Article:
This Diet Reduces DNA Damage Tied to Prostate Cancer

This Diet Reduces DNA Damage Tied to Prostate Cancer

It’s no secret that what you eat affects your health. Lots of studies have connected the dots between poor nutrition and a higher risk for a long list of diseases—including prostate cancer. Other studies have focused on the preventative powers of nutrients found in individual foods and specific food groups. For example, we know that cooked tomatoes, pink grapefruit and watermelon are rich in lycopene, an antioxidant proven to help reduce the risk for prostate cancer.

While most of these studies have focused on clinical indicators, cancer researchers at New Zealand’s University of Auckland took a different approach. They enlisted the help of men recently diagnosed with prostate cancer. Each man was asked to follow a modified version of the Mediterranean-style diet so researchers could monitor its effect on participants’ prostate cancer—specifically each man’s level of:

  • Prostate specific antigen: a protein produced by cells of the prostate gland
  • C-reactive protein: a protein associated with prostate specific antigen and marker for inflammation and metastatic prostate cancer
  • DNA damage associated with prostate cancer

Baselines values were gathered for all of the prostate cancer patients before they began their new diet and at the three-month mark.

Traditionally, a Mediterranean-style diet includes olive oil, fruit and vegetables, legumes (beans), whole-grains and poultry—with some fish and seafood added. Red meat and dairy products, along with refined and processed foods (mainstays of the typical western diet) are kept to a minimum.

For this study, cancer researchers partnered with a nutritionist who supplemented the traditional Mediterranean-style diet with foods known to reduce inflammation—a known culprit in prostate cancer. Broccoli, pomegranate juice, salmon and green tea were added to the menu plan.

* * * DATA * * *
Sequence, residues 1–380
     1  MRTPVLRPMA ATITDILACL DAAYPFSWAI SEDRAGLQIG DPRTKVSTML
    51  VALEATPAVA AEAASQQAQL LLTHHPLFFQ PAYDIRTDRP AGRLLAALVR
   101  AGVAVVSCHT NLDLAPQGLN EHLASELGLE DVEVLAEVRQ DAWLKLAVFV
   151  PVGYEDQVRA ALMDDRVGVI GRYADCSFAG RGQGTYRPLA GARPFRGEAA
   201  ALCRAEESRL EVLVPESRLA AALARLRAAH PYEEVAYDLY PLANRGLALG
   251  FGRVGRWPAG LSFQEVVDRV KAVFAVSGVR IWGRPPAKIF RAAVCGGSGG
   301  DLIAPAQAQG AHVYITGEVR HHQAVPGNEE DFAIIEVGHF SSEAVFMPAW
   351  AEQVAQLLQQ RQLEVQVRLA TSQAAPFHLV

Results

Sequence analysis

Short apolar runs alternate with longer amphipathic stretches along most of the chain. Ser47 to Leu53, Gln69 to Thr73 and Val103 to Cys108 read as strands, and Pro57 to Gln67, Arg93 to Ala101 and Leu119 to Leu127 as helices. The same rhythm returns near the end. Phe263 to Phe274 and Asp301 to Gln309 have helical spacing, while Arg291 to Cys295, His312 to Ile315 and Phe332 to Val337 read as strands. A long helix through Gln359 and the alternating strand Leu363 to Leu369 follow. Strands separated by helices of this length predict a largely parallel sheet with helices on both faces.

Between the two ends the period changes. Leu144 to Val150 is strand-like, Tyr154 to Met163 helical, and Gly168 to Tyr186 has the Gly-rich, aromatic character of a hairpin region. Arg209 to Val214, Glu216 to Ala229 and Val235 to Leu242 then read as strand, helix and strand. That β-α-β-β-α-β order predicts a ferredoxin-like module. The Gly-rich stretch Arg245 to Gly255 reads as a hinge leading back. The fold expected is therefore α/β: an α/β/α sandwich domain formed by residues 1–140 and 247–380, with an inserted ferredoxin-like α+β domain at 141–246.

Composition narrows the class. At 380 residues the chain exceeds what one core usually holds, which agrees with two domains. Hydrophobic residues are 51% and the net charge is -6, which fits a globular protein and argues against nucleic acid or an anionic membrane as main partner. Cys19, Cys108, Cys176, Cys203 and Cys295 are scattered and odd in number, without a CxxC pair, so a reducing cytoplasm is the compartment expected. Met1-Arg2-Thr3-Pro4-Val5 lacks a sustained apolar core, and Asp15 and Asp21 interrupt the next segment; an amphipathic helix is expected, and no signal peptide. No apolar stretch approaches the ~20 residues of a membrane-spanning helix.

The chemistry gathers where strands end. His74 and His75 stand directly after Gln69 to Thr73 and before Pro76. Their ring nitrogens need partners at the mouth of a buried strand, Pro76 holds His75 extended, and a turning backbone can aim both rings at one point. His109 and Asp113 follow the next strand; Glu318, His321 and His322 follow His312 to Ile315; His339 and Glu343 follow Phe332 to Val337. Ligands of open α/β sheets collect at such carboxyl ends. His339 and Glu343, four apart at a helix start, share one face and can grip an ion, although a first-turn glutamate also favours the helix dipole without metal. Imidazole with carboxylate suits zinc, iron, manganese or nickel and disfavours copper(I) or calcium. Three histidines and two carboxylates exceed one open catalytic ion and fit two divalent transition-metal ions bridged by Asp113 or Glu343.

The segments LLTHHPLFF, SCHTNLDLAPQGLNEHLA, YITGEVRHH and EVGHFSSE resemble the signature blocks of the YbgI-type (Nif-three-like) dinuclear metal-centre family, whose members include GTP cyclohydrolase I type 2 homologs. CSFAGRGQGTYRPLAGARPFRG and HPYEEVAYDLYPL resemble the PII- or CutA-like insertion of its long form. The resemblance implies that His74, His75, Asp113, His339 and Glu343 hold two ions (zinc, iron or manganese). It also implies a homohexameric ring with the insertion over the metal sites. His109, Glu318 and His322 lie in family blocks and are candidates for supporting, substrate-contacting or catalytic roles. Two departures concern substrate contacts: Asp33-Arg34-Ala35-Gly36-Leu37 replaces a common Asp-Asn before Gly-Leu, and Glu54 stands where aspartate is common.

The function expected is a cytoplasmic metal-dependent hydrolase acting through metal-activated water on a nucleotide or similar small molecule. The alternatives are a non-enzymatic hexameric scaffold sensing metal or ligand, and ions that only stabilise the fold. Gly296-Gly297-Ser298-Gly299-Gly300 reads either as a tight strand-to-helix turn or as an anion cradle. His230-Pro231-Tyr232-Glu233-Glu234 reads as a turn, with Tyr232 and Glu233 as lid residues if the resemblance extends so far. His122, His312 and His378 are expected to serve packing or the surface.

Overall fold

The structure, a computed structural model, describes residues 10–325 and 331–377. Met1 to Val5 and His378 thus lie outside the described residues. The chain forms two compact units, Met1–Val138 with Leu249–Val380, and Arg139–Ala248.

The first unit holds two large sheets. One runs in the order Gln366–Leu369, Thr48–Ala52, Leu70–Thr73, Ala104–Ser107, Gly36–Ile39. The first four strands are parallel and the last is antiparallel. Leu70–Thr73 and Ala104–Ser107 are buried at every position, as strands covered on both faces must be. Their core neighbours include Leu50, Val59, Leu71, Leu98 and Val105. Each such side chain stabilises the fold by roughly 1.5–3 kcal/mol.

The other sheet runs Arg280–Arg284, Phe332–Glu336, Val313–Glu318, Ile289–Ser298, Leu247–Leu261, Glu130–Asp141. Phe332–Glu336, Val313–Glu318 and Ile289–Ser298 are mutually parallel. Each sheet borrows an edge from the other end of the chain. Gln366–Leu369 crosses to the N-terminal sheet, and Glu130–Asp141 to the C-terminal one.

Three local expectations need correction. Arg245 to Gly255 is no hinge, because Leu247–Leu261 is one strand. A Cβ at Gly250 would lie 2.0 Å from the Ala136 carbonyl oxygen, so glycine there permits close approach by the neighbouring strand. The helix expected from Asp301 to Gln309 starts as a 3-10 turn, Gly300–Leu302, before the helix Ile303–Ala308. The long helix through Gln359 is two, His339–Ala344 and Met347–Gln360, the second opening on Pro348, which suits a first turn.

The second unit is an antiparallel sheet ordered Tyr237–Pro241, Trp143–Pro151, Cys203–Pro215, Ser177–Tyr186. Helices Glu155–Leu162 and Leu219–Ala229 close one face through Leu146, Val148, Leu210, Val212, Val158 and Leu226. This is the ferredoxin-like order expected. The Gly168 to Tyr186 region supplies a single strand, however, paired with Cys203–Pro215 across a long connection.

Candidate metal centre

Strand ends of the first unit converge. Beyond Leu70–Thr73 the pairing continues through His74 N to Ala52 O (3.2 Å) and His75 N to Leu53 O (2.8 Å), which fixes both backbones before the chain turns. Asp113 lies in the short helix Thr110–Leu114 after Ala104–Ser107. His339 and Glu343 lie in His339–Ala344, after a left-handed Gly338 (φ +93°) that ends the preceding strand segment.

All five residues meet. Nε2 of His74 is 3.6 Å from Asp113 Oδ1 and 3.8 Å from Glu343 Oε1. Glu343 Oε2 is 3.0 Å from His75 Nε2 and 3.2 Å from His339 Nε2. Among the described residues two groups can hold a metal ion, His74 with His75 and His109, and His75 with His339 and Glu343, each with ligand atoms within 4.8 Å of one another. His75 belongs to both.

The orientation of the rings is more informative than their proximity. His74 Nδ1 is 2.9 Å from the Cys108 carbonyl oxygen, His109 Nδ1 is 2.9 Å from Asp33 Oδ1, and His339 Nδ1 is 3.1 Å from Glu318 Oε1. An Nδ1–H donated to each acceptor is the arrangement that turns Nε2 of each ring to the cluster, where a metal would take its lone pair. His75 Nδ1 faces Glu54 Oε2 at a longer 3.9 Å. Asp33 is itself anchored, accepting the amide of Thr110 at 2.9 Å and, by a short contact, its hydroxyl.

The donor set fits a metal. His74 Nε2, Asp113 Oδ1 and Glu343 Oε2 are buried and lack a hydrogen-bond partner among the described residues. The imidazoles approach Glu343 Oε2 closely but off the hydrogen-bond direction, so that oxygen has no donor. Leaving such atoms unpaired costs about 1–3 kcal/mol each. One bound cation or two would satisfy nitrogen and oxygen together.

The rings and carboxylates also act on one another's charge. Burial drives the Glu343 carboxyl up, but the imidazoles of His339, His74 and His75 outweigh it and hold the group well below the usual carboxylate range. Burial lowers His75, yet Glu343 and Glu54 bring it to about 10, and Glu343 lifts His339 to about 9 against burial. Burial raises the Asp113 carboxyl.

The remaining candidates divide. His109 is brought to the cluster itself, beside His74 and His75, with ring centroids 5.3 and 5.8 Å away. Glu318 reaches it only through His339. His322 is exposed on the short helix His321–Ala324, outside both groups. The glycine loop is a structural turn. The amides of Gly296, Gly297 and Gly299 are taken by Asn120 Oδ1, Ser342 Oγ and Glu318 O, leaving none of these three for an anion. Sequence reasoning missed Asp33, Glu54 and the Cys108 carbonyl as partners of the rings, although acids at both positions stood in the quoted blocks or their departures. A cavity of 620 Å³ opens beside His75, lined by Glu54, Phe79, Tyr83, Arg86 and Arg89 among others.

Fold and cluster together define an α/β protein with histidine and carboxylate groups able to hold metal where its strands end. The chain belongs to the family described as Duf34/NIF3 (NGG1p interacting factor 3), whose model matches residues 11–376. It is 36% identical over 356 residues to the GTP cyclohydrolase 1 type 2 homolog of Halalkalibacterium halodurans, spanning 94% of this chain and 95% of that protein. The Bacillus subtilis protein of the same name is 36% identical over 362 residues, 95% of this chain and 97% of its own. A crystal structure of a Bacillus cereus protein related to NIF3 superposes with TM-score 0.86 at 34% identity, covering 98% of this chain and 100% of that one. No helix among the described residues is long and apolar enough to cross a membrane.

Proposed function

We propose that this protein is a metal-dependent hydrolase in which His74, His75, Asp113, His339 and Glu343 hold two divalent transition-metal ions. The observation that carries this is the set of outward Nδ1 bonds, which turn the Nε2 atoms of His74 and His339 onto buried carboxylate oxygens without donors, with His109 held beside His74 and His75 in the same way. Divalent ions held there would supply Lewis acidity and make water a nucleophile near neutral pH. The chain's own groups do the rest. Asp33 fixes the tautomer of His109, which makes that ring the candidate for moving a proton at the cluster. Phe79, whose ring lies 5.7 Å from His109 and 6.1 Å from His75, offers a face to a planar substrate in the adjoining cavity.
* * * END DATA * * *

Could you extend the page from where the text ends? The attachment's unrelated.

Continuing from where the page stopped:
The men were also encouraged to limit their dairy consumption to one or two servings per day, and reduce their consumption of red meat to less than 500 grams per week and eat more fish and poultry.  

“We also asked the men to modify their cooking method and not to cook with a high heat as in frying or barbequing,” says Dr. Karen Bishop, the study leader with the university’s Auckland Cancer Society Research Centre.

Cooking any meat at extremely high temperatures releases carcinogens called heterocyclic amines—including one that is known to cause prostate cancer in animal studies. And it’s not just red meat that poses a danger. Charbroiling chicken with the skin still also produces carcinogens.

After following the modified Mediterranean-style diet for three months, the men were tested once again. Researchers found that by consuming more oily fish and olive oil and less red meat, processed meats and dairy products the men significantly reduced damage to their DNA.

“While no effect on inflammatory markers was show, a significant reduction in DNA damage was found in men who adhered closely to the diet and increased their consumption of legumes and green tea,” Dr. Bishop says. “We found that DNA damage was related to how much dairy fat they consumed.”

The results are empowering information for men looking for proactive ways to reduce their pre-diagnosis and post-diagnosis risks related to prostate cancer.

“Anyone into fast foods is going to find this is a huge change,” Dr. Bishop notes. “This diet is most effective when men want to improve their health outcomes and are willing to take on board new ways of eating. It’s not so much a prescriptive diet, but more a new way of eating.”

If you or a loved one has been diagnosed with prostate cancer, the physicians and staff at USMD Prostate Cancer Center are here for you. Reach out to us online or call 1-888-PROSTATE (1-888-776-7828) to schedule a consultation.

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